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A high performance maths library for Intel CPUs. It comes in two versions, the basic MKL and the Cluster MKL which includes ScaLAPACK and BLACS. The most recent versions (10.0 onwards) combine the two.

Instructions for users: 

Load the appropriate mkl module, and then link your code using an appropriate link line. This varies with almost every version of the library, and also depends on exactly what you're trying to do. However the recent versions of the Intel Fortran and C compilers are smart enough to insert the correct link line automatically if you use the -mkl flag when compiling, so unless you want to do something unusual it's best to stick with that. 


If you do want something unusal then Intel's https://software.intel.com/en-us/articles/intel-mkl-link-line-advisor is very useful. Or failing that, consult the table below which documents options for some older versions.












Version Link line
6.0 -lmkl -lmkl_lapack32 -lguide -lpthread
6.1 -lmkl -lmkl_lapack32 -lguide -lpthread
7.0 -lmkl -lguide -lpthread
7.2.1 -lmkl_lapack -lmkl -lguide -lpthread -lm
9.1 -lmkl_lapack -lmkl -lguide -lpthread -lm
9.1 (serial version) -lmkl_lapack -lmkl -lm
10.0 (backwards compatible linking) -lmkl_lapack -lmkl -lguide -lpthread -lm
10.0 and 10.1 (equivalent layered linking example) -lmkl_lapack -lmkl

-lmkl_intel_thread -lmkl_core -lguide -lpthread -lm

10.0 and 10.1 (Cluster example) -lmkl_scalapack_core -lmkl_blacs_openmpi -lmkl_lapack -lmkl

-lmkl_intel_thread -lmkl_core -lguide -lpthread -lm

Never load the MKL modules automatically in your shell startup files. The reason is that if your machine ever loses network access it will lock up because the MKL module sets LD_LIBRARY_PATH to include a network directory. 


Using the LAPACK and BLAS interfaces


Intel ship LAPACK and BLAS interfaces for Fortran 77 and Fortran 95 with version 10.2 and up. For older versions of MKL they have to be compiled. We have done this for the older versions using icc and ifort. The interfaces are not compatible over all compilers so source code is provided in the $MKLROOT/interfaces directory if you want to build a version for another compiler family than Intel.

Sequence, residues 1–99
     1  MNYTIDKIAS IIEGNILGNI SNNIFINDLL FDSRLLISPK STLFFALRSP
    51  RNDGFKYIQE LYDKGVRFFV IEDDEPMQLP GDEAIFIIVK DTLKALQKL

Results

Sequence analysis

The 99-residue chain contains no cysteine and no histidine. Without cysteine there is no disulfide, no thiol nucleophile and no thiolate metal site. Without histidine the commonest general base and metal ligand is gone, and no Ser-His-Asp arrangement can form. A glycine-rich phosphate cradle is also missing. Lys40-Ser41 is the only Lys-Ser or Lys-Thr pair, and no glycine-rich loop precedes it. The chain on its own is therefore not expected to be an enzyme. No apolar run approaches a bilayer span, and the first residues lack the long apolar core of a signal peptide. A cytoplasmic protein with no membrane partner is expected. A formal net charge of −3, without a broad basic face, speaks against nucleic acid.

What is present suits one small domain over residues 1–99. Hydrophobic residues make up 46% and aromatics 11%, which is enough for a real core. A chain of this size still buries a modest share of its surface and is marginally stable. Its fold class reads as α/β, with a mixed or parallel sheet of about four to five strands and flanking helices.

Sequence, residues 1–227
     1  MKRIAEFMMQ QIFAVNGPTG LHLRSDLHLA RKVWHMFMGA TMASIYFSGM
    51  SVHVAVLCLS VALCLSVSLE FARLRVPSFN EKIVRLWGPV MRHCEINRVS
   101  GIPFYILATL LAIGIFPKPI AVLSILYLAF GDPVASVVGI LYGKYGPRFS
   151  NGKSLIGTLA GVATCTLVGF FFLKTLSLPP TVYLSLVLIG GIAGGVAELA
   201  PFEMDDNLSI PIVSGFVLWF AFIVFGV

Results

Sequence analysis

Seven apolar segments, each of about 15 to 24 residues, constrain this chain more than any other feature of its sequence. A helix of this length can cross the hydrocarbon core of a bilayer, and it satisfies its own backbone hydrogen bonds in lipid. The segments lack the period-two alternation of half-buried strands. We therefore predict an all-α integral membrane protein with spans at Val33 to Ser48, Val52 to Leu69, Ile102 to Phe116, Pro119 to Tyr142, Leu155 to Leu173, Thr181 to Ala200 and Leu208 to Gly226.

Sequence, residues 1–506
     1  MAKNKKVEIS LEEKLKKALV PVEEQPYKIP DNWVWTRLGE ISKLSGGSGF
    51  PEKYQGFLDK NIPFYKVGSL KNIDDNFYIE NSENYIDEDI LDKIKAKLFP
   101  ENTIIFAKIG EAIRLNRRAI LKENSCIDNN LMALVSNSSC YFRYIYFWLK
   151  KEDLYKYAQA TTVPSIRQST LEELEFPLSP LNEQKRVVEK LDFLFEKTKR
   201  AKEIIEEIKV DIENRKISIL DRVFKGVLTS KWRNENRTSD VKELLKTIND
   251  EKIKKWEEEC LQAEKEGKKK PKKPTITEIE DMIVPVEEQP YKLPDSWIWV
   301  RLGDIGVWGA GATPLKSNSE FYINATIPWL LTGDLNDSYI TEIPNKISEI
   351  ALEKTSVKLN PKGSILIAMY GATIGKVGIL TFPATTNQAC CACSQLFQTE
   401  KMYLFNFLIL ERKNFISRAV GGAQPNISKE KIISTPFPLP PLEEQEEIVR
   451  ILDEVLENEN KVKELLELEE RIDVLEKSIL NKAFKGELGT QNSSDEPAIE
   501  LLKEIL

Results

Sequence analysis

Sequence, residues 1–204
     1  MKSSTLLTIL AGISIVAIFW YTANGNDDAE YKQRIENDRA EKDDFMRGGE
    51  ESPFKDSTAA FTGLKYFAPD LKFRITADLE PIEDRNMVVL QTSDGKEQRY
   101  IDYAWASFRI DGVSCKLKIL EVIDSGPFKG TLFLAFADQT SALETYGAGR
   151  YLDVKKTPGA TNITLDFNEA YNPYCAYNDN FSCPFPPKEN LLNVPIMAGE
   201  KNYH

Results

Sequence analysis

Here's an example of statically linking the Fortran 95 interface to lapack:



 ifort -I $MKLPATH -o syevd syevd.f90  $MKLPATH/libmkl_lapack95.a \ -Wl,--start-group $MKLPATH/libmkl_intel_lp64.a $MKLPATH/libmkl_lapack.a \ $MKLPATH/libmkl_intel_thread.a $MKLPATH/libmkl_core.a -Wl,--end-group \ -lguide -lpthread 


You need to do this in the code to pick up the module files



 use mkl95_lapack use mkl95_precision 


Using the FFT routines


Intel completely changed the way you use FFT somewhere between versions 7 and 9 of the library. To use them from Fortran under version 9 and above you need to copy the $MKLINCLUDE/mkl_dfti.f90 file into your Fortran project and compile it (ifort -c mkl_dfti.f90) so you can then use the module (USE MKL_DFTI) in your own code.

Licence Details: 

This is proprietary software. The Department's licence for Intel Fortran and Intel C/C++ covers it. 

Documentation: 

MKL has extensive HTML and PDF documentation. The file mkluse.htm is particularly useful as it contains an explanation of the possible link lines. In more recent versions this information has been rolled into the user's guide which is userguide.pdf in the same directory. You can locate the documentation directory by doing a module help on your chosen MKL module.

Source: 

The library can be downloaded from https://software.intel.com/en-us/mkl. It requires a licence.

Admin notes: 

Installing new versions


The MKL comes bundled with Intel Fortran and Intel C these days, so the install script we use for those also installs it. see the docs for Intel C.


Licences


Recently Intel rolled the MKL into the ifort and icc licence so we now purchase it as part of ifort and can use whatever version the ifort licence file allows.


Building library interfaces


The more recent versions of the library have a set of wrappers that enable you to replace FFTW and other libraries with MKL seamlessly. For some reason you actually have to build these interfaces yourself in some versions; they aren't shipped ready-built (apparently these libraries call functions in the compiler runtime library, so must be compiled with the exact same compiler as you use them with). The install script we use for Intel C/Fortran takes care of it.

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